U.S. stock index futures were little changed on Tuesday as investors preferred to play safe amid rising geopolitical tensions in Syria and North Korea and ahead of the start of first-quarter earnings season later this week.
The White House said on Monday President Donald Trump was open to authorizing additional strikes on Syria if its government uses chemical weapons again or deploys barrel bombs, while North Korea warned of a nuclear attack on the United States if it was provoked.
Prices of safe-haven gold rose, with spot gold up the most in over one month. Investors also ditched riskier assets for the Japanese yen and U.S. Treasuries, which are favored during times of uncertainty. The dollar index slipped the most in just over two weeks.
Investors also appeared to remain on the sidelines ahead of the start of the first-quarter earnings season, which begins in earnest on Thursday when three big U.S. banks report. A rally in financial stocks has fizzled as investors fret over lofty valuations and Trump’s ability to make good on his pro-growth promises.
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Trump will meet with about 20 chief executives, including the heads of General Motors, IBM and Wal-Mart, as he seeks to garner support for the administration’s plans for corporate tax reform, boosting infrastructure and cutting federal regulations. Wall Street ended flat in choppy, low-volume trading on Monday as investors weighed the rise in oil prices against a decline in bank stocks.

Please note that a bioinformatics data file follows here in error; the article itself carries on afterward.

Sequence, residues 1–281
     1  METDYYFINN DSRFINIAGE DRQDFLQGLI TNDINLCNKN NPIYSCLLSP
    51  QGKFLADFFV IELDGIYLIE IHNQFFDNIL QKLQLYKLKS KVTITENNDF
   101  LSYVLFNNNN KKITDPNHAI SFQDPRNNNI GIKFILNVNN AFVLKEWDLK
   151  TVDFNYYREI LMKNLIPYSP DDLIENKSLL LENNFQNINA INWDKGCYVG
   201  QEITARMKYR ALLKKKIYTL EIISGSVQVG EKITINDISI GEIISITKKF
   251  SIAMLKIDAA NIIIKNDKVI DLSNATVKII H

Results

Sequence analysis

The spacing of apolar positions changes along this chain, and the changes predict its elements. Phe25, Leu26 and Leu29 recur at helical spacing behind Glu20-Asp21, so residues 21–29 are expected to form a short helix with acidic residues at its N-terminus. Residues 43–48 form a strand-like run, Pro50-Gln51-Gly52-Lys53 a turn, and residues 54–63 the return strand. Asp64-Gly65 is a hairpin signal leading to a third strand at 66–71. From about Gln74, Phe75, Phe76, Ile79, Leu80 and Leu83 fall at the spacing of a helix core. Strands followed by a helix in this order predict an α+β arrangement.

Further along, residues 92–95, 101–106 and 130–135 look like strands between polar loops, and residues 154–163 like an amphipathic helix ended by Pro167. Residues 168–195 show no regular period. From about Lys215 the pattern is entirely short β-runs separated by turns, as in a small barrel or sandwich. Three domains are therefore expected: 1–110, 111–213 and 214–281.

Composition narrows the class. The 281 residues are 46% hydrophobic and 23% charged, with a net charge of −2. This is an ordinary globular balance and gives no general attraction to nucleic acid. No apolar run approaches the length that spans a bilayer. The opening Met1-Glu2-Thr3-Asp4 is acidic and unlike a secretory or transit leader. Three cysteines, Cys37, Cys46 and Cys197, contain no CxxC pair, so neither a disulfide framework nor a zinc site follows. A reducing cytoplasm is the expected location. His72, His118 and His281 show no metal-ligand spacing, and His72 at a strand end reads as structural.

Minneapolis Federal Reserve Bank President Neel Kashkari is scheduled to speak at an event later on Tuesday. No top-tier economic news is due for the day. Among premarket movers, RetailMeNot jumped 48.4 percent to $11.50 after agreeing to be bought by marketing services company Harland Clarke for about $630 million.
Futures snapshot at 7:02 a.m. EDT: Dow e-minis were up 4 points, or 0.02 percent, with 21,588 contracts changing hands. S&P 500 e-minis were down 0.25 points, or 0.01 percent, with 123,584 contracts traded. Nasdaq 100 e-minis were up 0.25 points, or 0 percent, on volume of 22,364 contracts.
(Reporting by Yashaswini Swamynathan in Bengaluru; Editing by Sriraj Kalluvila)